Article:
12 December 2023 – Rightmove’s latest House Price Index suggests that property asking prices fell by 1.9% this month compared to last month, contradicting figures by other reports.
Rightmove has released their latest House Price Index for the month of December. Surprisingly, the data shows that house prices have fallen by 1.9% in December compared to the previous month.
Year-on-year, these new figures indicate that house prices are now 1.1% lower than they were a year ago. This puts the average asking price in the UK at £355,177.
With this fall in asking price, Rightmove‘s data contradicts figures by other reports, such as Nationwide and Halifax. These contradictory figures stem from the data available to each company.
While the lenders only look at the properties that were bought using their mortgages, Rightmove uses the data from their portal. This means that the property portal has a greater data set available.
Transition To A Buyer’s Market
While property asking prices fell by more than is normal for this time of year, Rightmove doesn’t believe that this is a sign of the market crashing. On the contrary, the property portal sees it as a sign that the market is stabilising.
The 1.1% drop in house prices in December compared to last year combined with the number of transactions falling by 13% in comparison with last year, indicates this.
Sellers are more likely to price their property competitively now, to increase their chances to sell their home quickly. This shows that they have accepted that the market has transitioned from a seller’s market during the frenzy of the past two years to a buyer’s market this year.
Even though on a monthly basis property asking prices fell everywhere in the UK, yearly changes differ. According to Rightmove’s data, in seven of the 11 areas house prices have actually risen compared to last year.
In the North West of England, house prices are now 1.5% higher than they were a year ago. In contrast, in the Sout East of England, house prices have fallen by 3.7% compared to the same time last year.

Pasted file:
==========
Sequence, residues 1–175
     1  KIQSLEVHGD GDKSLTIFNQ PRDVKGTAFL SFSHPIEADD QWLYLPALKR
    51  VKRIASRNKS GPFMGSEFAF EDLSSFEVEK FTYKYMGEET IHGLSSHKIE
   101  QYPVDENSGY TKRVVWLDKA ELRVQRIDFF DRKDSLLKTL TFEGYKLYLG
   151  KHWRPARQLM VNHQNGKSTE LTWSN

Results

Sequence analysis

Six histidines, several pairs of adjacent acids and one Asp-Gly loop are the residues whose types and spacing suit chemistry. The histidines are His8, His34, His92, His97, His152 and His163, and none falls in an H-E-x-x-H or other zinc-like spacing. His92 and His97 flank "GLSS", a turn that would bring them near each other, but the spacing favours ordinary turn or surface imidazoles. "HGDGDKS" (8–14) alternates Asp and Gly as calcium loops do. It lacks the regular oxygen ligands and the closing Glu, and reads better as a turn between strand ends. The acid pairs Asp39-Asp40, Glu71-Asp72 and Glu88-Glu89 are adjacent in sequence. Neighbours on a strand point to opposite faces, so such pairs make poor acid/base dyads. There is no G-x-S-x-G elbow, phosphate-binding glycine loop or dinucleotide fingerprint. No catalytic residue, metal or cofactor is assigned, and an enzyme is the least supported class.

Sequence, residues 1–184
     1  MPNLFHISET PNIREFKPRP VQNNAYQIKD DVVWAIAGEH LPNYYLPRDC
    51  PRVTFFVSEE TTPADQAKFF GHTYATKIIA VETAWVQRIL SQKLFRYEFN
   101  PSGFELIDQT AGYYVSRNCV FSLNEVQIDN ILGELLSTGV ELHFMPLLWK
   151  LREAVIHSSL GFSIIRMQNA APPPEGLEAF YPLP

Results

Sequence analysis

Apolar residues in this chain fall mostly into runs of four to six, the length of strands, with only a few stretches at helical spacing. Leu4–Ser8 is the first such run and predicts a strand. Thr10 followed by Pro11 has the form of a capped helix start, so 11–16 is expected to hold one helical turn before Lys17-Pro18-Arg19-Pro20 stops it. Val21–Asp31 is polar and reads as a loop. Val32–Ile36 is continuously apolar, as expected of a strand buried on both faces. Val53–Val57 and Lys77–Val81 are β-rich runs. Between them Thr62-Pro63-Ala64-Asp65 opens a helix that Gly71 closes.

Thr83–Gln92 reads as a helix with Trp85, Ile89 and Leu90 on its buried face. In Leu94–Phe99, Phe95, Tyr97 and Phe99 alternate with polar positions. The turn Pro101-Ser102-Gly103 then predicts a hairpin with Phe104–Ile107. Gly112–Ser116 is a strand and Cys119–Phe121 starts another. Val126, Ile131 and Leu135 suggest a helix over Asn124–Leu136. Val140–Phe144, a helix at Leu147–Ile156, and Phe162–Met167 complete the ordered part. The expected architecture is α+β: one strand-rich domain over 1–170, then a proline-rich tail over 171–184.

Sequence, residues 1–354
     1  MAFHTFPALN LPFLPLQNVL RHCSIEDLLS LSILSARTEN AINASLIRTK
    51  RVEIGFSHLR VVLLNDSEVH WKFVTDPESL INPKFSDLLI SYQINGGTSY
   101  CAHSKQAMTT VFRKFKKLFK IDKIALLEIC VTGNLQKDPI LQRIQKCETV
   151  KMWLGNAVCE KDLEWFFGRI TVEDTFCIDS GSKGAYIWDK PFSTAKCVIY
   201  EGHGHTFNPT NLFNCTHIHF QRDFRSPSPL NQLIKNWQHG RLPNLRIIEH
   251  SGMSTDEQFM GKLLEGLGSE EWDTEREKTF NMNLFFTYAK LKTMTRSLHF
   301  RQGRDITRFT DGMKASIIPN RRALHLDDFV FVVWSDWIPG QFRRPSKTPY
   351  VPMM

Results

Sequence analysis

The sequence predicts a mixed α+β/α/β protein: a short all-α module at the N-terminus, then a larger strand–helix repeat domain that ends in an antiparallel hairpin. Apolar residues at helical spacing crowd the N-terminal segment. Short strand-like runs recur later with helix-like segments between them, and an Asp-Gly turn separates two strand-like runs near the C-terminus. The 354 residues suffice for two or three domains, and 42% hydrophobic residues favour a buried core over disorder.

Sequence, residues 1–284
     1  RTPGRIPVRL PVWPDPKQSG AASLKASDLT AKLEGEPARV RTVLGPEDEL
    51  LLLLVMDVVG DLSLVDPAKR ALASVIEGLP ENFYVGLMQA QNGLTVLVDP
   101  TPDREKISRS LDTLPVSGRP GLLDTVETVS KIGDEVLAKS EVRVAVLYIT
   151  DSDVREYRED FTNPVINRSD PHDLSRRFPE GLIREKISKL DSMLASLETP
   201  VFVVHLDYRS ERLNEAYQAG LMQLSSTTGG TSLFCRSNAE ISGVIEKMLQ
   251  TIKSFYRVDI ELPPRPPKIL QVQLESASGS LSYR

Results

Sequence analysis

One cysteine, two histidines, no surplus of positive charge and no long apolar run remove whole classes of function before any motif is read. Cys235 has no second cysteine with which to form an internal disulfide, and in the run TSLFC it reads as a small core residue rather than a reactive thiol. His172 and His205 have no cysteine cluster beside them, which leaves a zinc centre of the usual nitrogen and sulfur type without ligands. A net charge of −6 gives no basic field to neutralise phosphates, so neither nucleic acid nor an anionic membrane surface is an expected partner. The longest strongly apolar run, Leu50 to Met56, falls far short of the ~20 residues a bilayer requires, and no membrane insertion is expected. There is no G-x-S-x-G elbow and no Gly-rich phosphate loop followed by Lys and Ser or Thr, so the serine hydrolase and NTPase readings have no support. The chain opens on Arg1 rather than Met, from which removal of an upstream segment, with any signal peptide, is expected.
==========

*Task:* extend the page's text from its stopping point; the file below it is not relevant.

Activity In Second-Stepper Market Picks Up
The uncertainty over affordability and where mortgage rates will go has impacted hugely on the second-stepper market. Those buyers are likely to upsize and will therefore have a bigger mortgage.
When the ill-fated mini-budget caused mortgage rates to rise sharply, buyers in this group put their plans on hold to wait and see what will happen with mortgage rates.
According to Rightmove’s data, there are signs that these home movers are coming back to the market. Activity in this sector of the market has risen by 9% compared to this time last year, when the impact of the mini-budget was the biggest.
Overall, market activity has increased by 6% compared to last year, showing that confidence in the market is improving.
The property portal put this increase in activity down to the mortgage market starting to stabilise. With experts believing that interest rates have peaked and mortgage rates have fallen in the 19 consecutive weeks, affordability is improving, even if it’s still stretched.
Both two-year and five-year average fixed mortgage rates are now below 6%, according to Moneyfacts. The average rate for a two-year fixed mortgage currently stands at 5.99%, a far cry from its peak in July of 6.86%.
The five-year fixed rate average stands at 5.6%. However, buyers who are willing to shop around will find cheaper deals. With the best rates for a two-year mortgage at a rate of under 5% and for five years under 4.5%.
While the trend is clearly downwards, borrowing costs are still significantly higher than in previous years. And experts don’t believe that they will fall to levels we have seen before the pandemic.
The fact that property asking prices fell by more this December than the 20-year average, should not unduly concern the market, in our opinion. We have said it before, and we will say it again: property prices have risen too fast and too sharply in the past two years.
The level at which prices were after these increases is just not sustainable. Many first-time buyers struggled to save for a deposit before and the price rises have just made it even harder. The increase in borrowing costs just ads to the problem.
And the property market needs first-time buyers, because they are at the bottom of the chain. Second-steppers can only move if they find a buyer for their home first.
So a rebalancing of the market, which is what seems to happen now, is vital for a sustainable property market. After all, if buyers can’t afford the properties on the market, then they won’t buy them. This means a further fall in prices over the next year shouldn’t be feared.
On the contrary, it’s what has to happen if we want the property market to stay sustainable.